1. ## Implicit Differentiation

I've tried differentiating this over again, and took me a while to get it. but Im not sure, my answer were (1/3, 4/3)

heres the question
At what point on the curve xy=(1-x-y)^2 is the tangent line parallel to the x-axis.

Thank you very much

2. ## Re: Implicit Differentiation

Originally Posted by kspkido
I've tried differentiating this over again, and took me a while to get it. but Im not sure, my answer were (1/3, 4/3)

heres the question
At what point on the curve xy=(1-x-y)^2 is the tangent line parallel to the x-axis.

Thank you very much
Hint: If the tangent line is parallel to the x axis, then the gradient is 0. Therefore, you need to evaluate the point where dy/dx = 0.

3. ## Re: Implicit Differentiation

You found 1 point, but there is another.

4. ## Re: Implicit Differentiation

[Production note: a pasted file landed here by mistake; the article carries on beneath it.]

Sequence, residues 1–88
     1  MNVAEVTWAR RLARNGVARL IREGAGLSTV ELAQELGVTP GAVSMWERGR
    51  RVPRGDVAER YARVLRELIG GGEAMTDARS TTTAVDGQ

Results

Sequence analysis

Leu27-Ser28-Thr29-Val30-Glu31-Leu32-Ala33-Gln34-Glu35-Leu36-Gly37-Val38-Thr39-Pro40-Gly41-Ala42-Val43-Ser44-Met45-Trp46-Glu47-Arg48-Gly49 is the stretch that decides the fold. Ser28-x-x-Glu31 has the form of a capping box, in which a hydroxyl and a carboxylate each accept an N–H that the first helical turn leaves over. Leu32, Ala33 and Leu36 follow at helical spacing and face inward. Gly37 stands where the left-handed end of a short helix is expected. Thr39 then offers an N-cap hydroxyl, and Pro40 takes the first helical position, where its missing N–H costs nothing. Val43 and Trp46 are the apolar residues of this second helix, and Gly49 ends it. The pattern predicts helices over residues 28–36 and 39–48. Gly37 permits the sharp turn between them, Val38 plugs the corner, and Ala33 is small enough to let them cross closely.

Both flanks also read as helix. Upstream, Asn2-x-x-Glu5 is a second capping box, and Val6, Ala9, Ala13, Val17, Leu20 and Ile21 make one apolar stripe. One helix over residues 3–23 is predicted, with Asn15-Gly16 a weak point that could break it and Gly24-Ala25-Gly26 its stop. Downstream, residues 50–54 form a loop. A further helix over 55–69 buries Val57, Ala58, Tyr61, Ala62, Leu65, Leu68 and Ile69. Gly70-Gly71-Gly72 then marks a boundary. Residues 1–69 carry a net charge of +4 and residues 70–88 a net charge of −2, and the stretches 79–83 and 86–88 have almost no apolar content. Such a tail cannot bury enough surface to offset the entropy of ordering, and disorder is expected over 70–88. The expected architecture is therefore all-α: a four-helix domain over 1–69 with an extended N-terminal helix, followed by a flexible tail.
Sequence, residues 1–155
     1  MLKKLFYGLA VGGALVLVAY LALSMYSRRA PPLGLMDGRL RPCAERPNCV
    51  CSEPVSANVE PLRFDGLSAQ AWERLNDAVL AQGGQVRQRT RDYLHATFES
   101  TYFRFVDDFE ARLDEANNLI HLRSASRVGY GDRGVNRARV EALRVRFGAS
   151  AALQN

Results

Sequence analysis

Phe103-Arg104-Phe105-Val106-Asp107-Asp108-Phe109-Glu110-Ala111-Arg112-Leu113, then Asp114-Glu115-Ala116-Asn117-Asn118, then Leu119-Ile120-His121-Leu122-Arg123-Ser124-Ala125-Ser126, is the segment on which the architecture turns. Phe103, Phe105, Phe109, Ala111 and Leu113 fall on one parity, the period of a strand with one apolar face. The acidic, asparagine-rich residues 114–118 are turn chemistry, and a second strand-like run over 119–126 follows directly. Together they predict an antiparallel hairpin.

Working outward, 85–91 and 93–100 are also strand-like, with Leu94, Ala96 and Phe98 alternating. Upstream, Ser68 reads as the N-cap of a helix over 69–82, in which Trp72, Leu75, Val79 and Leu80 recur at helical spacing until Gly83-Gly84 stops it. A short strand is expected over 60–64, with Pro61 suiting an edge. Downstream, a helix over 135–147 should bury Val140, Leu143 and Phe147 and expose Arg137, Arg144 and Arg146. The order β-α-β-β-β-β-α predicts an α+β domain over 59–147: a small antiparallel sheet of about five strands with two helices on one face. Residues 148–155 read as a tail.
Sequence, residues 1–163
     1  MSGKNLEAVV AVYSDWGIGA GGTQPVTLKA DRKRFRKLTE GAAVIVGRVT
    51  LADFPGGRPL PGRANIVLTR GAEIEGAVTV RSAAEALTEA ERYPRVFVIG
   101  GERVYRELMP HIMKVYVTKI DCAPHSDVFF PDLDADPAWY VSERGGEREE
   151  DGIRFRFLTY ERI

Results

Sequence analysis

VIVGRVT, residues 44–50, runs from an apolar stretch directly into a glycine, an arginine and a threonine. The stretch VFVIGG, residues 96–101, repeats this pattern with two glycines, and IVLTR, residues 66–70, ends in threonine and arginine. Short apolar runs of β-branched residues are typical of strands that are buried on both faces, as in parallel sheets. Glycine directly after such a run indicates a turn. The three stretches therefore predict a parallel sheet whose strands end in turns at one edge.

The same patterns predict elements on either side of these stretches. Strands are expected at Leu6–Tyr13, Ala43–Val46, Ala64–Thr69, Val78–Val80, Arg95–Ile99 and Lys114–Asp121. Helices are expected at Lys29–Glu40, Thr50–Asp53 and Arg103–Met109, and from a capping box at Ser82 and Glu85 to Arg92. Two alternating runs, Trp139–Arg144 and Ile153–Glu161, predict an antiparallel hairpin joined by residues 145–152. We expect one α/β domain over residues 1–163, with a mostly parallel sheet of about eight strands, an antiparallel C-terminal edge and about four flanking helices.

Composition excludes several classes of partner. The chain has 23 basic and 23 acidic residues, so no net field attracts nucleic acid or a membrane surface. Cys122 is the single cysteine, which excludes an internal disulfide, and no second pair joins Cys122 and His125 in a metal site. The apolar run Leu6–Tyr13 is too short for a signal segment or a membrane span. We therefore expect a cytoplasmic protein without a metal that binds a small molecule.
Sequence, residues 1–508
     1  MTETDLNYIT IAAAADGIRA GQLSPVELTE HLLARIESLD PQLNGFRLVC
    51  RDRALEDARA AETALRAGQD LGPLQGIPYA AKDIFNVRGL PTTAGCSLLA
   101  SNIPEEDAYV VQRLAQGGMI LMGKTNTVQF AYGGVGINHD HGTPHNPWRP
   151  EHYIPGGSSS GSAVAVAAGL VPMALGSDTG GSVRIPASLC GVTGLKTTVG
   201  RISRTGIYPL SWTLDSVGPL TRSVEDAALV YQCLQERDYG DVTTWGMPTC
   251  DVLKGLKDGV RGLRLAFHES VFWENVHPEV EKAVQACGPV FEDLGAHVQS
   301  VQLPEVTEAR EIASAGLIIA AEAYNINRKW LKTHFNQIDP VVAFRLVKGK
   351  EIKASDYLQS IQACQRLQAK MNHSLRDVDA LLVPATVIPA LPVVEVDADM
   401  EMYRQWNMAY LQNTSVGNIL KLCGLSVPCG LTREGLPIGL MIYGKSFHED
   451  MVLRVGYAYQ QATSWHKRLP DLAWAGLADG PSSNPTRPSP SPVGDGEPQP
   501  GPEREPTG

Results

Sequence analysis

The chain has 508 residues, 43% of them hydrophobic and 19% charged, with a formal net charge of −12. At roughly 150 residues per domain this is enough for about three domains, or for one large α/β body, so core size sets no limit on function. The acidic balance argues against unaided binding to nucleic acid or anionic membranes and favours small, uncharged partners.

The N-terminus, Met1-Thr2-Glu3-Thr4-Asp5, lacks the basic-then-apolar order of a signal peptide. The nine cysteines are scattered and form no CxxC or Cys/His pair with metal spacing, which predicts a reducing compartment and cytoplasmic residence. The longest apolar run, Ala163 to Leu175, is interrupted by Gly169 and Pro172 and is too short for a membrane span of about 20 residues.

wow. okay thanks..but okay to tell you the truth, i didn't actually solve the problem i just saw the answer at the back of the book, I know the process differentiate it then set the dy/dx zero since parallel means same slope and x-axis is is horizontal meaning slope is zero.. but what i encountered is I don't really know how to get the rest of the point...i tried substituting the y to x in the dy/dx formula but i can never separate y from x... so there's 2 integers on dy/dx=-(y-2-2x)/(2+2x+4y)

5. ## Re: Implicit Differentiation

Implicitly differentiating, you should find:

$\frac{dy}{dx}=\frac{2x+y-2}{2-x-2y}$

Equating this to zero implies:

$y=2(1-x)$

Substituting this into the original equation gives:

$-2x(x-1)=(x-1)^2$

$(x-1)(3x-1)=0$

$x=\frac{1}{3},1$

So the two points are: $\left(\frac{1}{3},\frac{4}{3} \right),(1,0)$